Views of my workshop
I own a 15kg Anyang pneumatic power hammer totally self-contained with hard-hitting power and plugs into a normal single phase plug socket. It’s industrial so will work all day, everyday, with reliable and efficient forging. It’s only 89cms long x 46cms wide x 155cms high. Hits at 280/per minute and weighs 540kg (mine’s a bit heavier because the base is full of sand.)
I am still using a gas forge that I bought in USA and had shipped over to the Middle East in 1996 when my husband was on an Airforce posting over there. It has been relined a few times since then but still works fine and I use it virtually on a daily basis. It is basically a steel tube, lined with two inches of kaowool, sealed with a rigidizer and with a ceramic brick floor. It withstands temperatures up to approx. 1260C. I run the forge with 45kg propane gas cylinders, which lasts about a month on average. I heat all my steel up in this first before using my hammer.
To view a video of me sharing more about power hammers click here.
My anvil is 1 cwt or 51kgs. It has England stamped on the side and the year 1964 and that’s it. I shipped it over from UK as part of my house contents. My dad bought it for me originally. It’s actually quite small as far as anvils go but I’m very happy. I’m so glad I brought it with me because it would cost ten times more here in Australia. A lot of people just starting out use bits of railway sleepers to hammer the metal on with good results.
I have over 40 pairs of tongs that I have been given or bought and a few handmade. My favourite two pairs at the moment are a pair I bought in USA last year which step down at the front and means I can hold my steel running parallel with my tongs along and part of its length, very very useful. And the other pair I bought recently from a blacksmith called Wayne Saunders after I watched him using his adjustable tongs to fit varying widths of bar steel, great for when I’m graduating the length of my bottle openers, and can use the same tongs throughout.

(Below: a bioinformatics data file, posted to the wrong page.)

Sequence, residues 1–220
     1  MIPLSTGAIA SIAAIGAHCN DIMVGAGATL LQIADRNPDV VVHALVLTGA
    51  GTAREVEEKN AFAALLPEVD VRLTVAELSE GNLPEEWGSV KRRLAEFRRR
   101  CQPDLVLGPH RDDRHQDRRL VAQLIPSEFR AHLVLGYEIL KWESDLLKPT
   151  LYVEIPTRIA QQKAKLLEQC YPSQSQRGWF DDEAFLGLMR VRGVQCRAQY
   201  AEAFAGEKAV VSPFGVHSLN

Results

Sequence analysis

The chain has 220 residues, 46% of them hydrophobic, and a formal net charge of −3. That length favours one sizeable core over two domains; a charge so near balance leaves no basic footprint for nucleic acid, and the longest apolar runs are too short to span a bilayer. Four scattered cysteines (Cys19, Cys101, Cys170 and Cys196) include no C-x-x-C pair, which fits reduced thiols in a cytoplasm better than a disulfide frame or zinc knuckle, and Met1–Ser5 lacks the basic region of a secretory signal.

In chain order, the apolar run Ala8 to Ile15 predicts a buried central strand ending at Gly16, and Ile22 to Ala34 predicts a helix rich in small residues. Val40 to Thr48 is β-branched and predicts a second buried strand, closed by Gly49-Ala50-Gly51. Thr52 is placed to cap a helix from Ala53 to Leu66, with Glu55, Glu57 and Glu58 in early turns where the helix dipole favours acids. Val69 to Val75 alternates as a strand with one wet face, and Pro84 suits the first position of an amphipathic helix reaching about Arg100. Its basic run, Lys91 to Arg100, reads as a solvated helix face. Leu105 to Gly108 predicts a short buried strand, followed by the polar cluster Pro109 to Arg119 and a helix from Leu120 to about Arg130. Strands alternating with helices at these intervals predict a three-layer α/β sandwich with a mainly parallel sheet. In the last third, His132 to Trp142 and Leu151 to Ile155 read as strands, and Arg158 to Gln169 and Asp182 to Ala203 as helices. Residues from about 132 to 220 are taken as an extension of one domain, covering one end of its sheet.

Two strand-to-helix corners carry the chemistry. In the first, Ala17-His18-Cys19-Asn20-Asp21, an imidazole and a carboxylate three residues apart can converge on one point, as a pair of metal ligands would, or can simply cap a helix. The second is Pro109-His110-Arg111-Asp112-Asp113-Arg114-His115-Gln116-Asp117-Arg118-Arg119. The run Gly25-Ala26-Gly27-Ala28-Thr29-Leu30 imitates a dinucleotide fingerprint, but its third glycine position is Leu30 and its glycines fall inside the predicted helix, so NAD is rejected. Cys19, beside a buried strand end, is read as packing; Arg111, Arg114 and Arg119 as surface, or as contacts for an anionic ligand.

I own a flypress that has A P Lever, Mascot, Sydney written on the side and a number 1 N on the front which usually denotes the tons capacity of the flypress. I estimate it is equivalent to a 4/5 ton capacity [I am sure someone will not hesitate to correct me]. My flypress is a type of screw press that is operated manually. It has an overhead handle that has a ball as a flyweight, which makes it smoother and easier to operate. I can use my flypress for numerous activities but mainly use it for punching, pressing and forging. I do this by making punches and dies of various shapes, which fit closely together when I insert my steel between the punch and die when I swing the handle. If you’re interested in finding out more about my blacksmith equipment, or you’d like to view my workshop, (quick video here.)
Why not have a blacksmith lesson? You can find out more by emailing me here.
If you’re not in my area it would be wonderful to share my skills via Facebook with you. You can follow me here.